Private Correspondence of Sarah, Duchess of Marlborough: Illustrative of the Court and Times of Queen Anne; with Her Sketches and Opinions of Her Contemporaries, and the Select Correspondence of Her Husband, John, Duke of Marlborough, Volume 2
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acquaint answer army assured believe campaign certainly Court desire doubt DUCHESS OF MARLBOROUGH DUKE OF HAMILTON DUKE OF MARLBOROUGH Duke of Savoy EARL OF SUNDERLAND enclosed endeavour enemies England expect expence favour France French friends give given glad Grace Hague Harley hear heard Holland honour hope House inclination interest King Lady leave letter liberty LORD GODOLPHIN Lord Halifax Lord Somers Lord Sunderland Lord Townshend Lords Marlborough Lordship Majesty MARLBOROUGH TO LORD Masham matter ment mind ministers ministry Monsieur nation never night obliged occasion opinion Ostend Parliament peace Pensioner person pleased pretend Prince Eugene Princess Queen reason received regiments Savoy sent servant shew side Sir Robert Walpole soon Spain sure taken tell thing thought told Tories town troops trouble uneasy vote Whigs Windsor wish write yesterday
Page 194 - tis all a cheat, Yet, fooled with hope, men favour the deceit ; Trust on, and think to-morrow will repay ; To-morrow's falser than the former day ; Lies worse ; and, while it says we shall be blest With some new joys, cuts off what we possest.
Page 195 - All his talents lie in things only natural in boys of fifteen years old, and he is about two and fifty ; to get people into his garden and wet them with squirts, and to invite people to his country houses, and put things into their beds to make them itch, and twenty such pretty fancies like these.* 1741-2.
Page 120 - Upon which account it was a sort of unhappiness to her that she naturally loved to have a great crowd come to her ; for when they were come to Court, she never cared to have them come in to her nor to go out herself to them, having little to say to them but that it was either hot or cold, and little to enquire of them, but how long they had been in town or the like weighty matters.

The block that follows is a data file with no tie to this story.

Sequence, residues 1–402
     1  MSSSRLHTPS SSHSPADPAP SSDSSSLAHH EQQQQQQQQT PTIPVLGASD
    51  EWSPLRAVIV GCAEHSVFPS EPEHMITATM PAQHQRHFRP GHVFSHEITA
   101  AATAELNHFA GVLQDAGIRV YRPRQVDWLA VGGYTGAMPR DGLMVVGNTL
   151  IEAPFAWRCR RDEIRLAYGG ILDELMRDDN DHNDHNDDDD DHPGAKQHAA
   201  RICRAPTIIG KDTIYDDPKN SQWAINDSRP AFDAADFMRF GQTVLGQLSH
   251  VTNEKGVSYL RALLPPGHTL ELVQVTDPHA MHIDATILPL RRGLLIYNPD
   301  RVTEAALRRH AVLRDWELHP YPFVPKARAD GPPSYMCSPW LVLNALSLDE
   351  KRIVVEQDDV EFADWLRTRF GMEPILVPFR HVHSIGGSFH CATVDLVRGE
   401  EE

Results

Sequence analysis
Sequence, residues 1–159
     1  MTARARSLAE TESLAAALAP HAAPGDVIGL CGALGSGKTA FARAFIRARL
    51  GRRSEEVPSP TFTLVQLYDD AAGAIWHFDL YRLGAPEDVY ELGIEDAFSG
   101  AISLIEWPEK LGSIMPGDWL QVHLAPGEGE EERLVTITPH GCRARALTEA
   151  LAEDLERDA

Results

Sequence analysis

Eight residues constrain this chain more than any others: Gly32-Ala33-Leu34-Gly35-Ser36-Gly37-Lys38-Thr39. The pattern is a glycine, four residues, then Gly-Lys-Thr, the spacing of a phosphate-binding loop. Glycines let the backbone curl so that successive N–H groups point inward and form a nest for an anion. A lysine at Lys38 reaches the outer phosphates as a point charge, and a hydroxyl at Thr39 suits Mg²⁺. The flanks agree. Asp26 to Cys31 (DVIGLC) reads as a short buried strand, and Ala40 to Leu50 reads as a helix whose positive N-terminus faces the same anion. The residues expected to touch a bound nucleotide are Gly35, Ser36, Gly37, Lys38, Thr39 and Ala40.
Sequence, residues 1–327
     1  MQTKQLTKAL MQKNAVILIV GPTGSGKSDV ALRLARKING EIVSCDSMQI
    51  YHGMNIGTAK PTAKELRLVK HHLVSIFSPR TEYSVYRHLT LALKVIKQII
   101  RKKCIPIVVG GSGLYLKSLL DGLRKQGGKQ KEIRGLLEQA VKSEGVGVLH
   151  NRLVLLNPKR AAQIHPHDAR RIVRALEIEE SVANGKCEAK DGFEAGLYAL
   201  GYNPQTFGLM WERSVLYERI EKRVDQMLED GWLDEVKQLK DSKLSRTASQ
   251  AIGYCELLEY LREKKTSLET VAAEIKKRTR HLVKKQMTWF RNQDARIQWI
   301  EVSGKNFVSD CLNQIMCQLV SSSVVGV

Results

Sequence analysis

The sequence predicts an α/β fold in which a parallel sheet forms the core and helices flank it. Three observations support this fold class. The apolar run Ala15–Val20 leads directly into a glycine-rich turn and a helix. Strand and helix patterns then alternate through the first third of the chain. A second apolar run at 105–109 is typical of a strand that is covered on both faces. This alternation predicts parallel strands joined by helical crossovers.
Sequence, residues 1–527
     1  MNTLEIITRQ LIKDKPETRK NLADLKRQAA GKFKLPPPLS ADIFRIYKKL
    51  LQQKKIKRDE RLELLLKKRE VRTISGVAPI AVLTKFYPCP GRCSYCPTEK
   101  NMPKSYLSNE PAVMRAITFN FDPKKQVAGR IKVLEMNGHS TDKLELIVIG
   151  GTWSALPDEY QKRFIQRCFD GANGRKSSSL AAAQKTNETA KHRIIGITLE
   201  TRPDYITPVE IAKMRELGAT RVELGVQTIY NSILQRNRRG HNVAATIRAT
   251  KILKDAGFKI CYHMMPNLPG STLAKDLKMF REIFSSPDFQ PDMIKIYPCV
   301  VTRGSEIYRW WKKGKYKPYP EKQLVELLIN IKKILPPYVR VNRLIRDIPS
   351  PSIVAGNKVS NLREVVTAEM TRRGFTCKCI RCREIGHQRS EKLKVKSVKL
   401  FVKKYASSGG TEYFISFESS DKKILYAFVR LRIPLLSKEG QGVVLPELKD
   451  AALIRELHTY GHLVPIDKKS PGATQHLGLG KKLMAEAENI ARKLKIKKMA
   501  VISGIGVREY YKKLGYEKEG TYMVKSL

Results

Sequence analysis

Page 207 - I understand to be horses, so extremely polite, and which had all manner of good conversation, good principles, and that never told a lie, and charmed him so, that he could not endure his own country when he returned. He says, there is a sort of creature there called Yahoos, and of the same species with us, only a good deal uglier ; but they are kept tied up, and by that glorious creature the horse are not permitted to do any mischief. — I really have not been pleased so much a long time as with...
Page 194 - Strange cozenage ! None would live past years again, Yet all hope pleasure in what yet remain ; And, from the dregs of life, think to receive, What the first sprightly running could not give. I'm tired with waiting for this chemic gold, Which fools us young, and beggars us when old.
Page 187 - His daily food was a small quantity of asses' milk and a flour biscuit. Once a week he indulged himself with eating an apple ; he used emetics daily. Mr. Pope and he were once friends ; but they quarrelled, and persecuted each other with virulent satire. Pope, knowing the abstemious regimen which Lord Hervey observed, was so ungenerous as to call him a mere cheese-curd of asses
Page 207 - I could not help wishing that we had had his assistance in the opposition ; for I could easily forgive him all the slaps he has given me and the Duke of Marlborough, and have thanked him heartily whenever he would please to do good. I never saw him in my life ; and though his writings have entertained me very much, yet I see he writes sometimes for interest ; for in his books he gives my Lord Oxford as great a character as if he was speaking of Socrates or Marcus Antoninus. But when I am dead, the...
Page 164 - Anne was extremely well-bred : she treated her chief ladies and servants as if they had been her equals, and she never refused to give charity, when there was the least reason for any body to ask it.
Page 213 - Prince said all the respectful and dutiful things imaginable to her and the King ; desiring her Majesty to support the reasons which made him go away as he did without acquainting his Majesty with it : and, I believe, all human creatures will allow that this was natural for a man not to debate a thing of this kind, nor to lose a minute's time in ceremony, whieh was very useless, considering that it is a great while since the King has spoke to him, or taken the least notice of him.